Predicting the Volume of Distribution of Drugs and Toxicants with Data Mining Methods

Lead Research Organisation: University of Kent
Department Name: Sch of Computing

Abstract

Paracelsus, a physician in the early 16th century, is credited with the phrase: "All things are poison, and nothing is without poison; only the dose permits something not to be poisonous" (http://en.wikipedia.org/wiki/Paracelsus). Despite significant advances in pharmacology in the last decades, at present it is still very difficult to find good answers to the questions of how much, how often and for how long a drug should be given to a patient, in order to maximize its therapeutic effect and minimize its adverse effects. These problems are the central concern of the related areas of pharmacokinetics and pharmacodynamics. Pharmacokinetics is concerned with how a drug is processed by the body, i.e., the relationship between drug input parameters (e.g. amount of drug in a dose and dose frequency) and the concentration of the drug in the body with time. In contrast, pharmacodynamics is concerned with how a drug affects the body, i.e., the relationship between drug concentration and the therapeutic and adverse effects of the drug with time.

This project focuses on an important pharmacokinetics problem: how to estimate the volume of distribution of a drug, which represents the volume into which a drug is distributed once it has entered systemically into the body. Estimating a drug's volume of distribution is important because it predicts the drug's plasma concentration for a given amount of drug in the body and it influences the drug's half-life, which in turn is very important to determine the correct dosage regimen that clinicians should prescribe to patients.

This project aims at developing new computational data mining methods to predict the volume of distribution of drugs. The data mining context for this project is the regression task, where the system is given a set of instances representing a set of objects, where each instance consists of a target (response) attribute (or dependent variable) and a set of predictor attributes (features or independent variables) describing an object. Then the system discovers a regression model that predicts the value of the target attribute for an instance based on the values of its predictor attributes. In this project, the objects to be classified will be chemical compounds or medical drugs, the target attribute to be predicted will be a drug's volume of distribution and the predictor attributes will refer to several types of molecular and physicochemical properties of drugs. The data mining methods to be developed in the project will be compared against traditional data analysis methods used for predicting a drug's volume of distribution.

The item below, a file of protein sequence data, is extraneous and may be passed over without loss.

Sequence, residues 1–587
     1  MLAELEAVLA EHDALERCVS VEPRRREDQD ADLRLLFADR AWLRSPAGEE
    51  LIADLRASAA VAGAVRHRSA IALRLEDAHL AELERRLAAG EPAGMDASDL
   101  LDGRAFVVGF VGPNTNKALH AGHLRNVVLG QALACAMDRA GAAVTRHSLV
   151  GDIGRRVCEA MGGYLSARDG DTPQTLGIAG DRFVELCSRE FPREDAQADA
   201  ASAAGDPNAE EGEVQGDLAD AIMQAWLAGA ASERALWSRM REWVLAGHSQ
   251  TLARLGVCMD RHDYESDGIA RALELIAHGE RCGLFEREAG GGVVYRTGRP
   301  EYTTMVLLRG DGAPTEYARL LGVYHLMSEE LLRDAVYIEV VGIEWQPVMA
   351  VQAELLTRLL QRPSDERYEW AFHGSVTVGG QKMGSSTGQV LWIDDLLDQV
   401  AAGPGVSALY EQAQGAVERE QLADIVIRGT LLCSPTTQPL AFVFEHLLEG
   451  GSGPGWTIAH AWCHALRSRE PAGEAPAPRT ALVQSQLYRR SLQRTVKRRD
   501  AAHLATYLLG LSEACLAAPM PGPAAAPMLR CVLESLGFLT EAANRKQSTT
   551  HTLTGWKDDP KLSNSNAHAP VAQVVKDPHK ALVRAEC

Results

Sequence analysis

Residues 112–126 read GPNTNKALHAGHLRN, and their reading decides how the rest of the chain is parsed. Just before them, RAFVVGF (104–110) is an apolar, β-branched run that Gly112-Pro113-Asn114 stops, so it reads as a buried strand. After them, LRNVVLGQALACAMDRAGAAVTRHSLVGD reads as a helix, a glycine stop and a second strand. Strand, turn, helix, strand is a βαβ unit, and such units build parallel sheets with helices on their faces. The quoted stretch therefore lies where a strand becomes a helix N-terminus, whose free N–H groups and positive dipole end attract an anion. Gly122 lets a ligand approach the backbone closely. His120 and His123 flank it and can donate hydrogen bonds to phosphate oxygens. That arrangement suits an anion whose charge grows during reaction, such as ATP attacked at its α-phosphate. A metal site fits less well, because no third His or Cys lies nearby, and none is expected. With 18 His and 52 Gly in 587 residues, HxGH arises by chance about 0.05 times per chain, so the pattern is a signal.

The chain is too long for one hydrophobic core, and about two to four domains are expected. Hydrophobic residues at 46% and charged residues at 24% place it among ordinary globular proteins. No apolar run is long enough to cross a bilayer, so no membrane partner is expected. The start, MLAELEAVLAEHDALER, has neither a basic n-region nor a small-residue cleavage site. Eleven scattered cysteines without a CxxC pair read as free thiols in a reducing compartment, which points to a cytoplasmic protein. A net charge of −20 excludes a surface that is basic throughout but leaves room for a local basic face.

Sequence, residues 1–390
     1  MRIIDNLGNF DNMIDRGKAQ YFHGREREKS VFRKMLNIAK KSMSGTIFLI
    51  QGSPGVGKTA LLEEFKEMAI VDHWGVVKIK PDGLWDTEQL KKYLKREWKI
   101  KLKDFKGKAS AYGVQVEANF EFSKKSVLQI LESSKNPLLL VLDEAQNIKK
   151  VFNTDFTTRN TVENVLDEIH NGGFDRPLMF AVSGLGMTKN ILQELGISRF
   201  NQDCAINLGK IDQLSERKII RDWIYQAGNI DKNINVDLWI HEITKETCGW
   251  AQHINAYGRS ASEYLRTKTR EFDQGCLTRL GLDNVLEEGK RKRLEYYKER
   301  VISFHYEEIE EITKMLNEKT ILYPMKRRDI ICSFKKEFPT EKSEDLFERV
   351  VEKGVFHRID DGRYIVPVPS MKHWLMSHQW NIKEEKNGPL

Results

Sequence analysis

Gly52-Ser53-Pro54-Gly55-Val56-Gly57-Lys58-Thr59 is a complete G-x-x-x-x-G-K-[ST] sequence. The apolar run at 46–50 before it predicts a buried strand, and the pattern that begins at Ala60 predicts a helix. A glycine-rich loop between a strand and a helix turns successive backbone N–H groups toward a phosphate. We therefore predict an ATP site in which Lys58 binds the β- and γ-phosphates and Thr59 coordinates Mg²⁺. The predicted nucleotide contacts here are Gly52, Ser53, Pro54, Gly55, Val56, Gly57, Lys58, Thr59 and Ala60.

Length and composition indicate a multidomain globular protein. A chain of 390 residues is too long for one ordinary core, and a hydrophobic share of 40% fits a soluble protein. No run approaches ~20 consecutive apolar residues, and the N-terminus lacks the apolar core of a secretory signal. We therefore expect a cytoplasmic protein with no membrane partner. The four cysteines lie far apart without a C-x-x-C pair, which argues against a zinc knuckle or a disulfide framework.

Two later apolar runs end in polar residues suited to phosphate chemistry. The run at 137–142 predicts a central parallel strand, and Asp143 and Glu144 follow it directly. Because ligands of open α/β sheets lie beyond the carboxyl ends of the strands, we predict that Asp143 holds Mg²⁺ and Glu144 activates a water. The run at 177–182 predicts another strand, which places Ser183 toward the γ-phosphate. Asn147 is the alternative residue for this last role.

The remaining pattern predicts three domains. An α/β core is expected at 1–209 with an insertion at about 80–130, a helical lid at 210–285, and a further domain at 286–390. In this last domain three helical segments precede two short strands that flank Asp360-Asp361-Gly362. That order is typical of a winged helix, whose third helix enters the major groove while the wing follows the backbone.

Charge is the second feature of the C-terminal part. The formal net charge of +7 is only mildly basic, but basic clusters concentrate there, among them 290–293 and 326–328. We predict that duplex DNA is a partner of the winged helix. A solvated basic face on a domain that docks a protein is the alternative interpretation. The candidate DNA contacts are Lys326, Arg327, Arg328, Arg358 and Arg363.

Planned Impact

This is a discipline hopping proposal, where the investigator will hop into an entirely new discipline for him, namely pharmaceutical sciences. It is also a relatively short project, involving the equivalent of only one full-time researcher for one year (more precisely, only the investigator working on a part-time (50%) basis for two years). Hence, the pathways to impact naturally have to be interpreted in this context.
Concerning academic impact, in the relatively short term (next two years), the research will benefit mainly researchers and practitioners in the area of pharmacoinformatics, which consists of using computational methods for solving pharmaceutical sciences problems. The benefit for those users will be a novel computational method (developed in this project) for predicting the volume of distribution of a drug, with the applications extendable to other fields of computer-based drug discovery and design problems. The research will also benefit, to a lesser extent, researchers and practitioners in the computer science area of evolutionary algorithms. The benefit for those users will be a novel evolutionary algorithm for attribute selection in regression. In this project that algorithm will be applied only to pharmaceutical sciences data, but, like other algorithms of this type, it will be generic enough to be used in other application domains.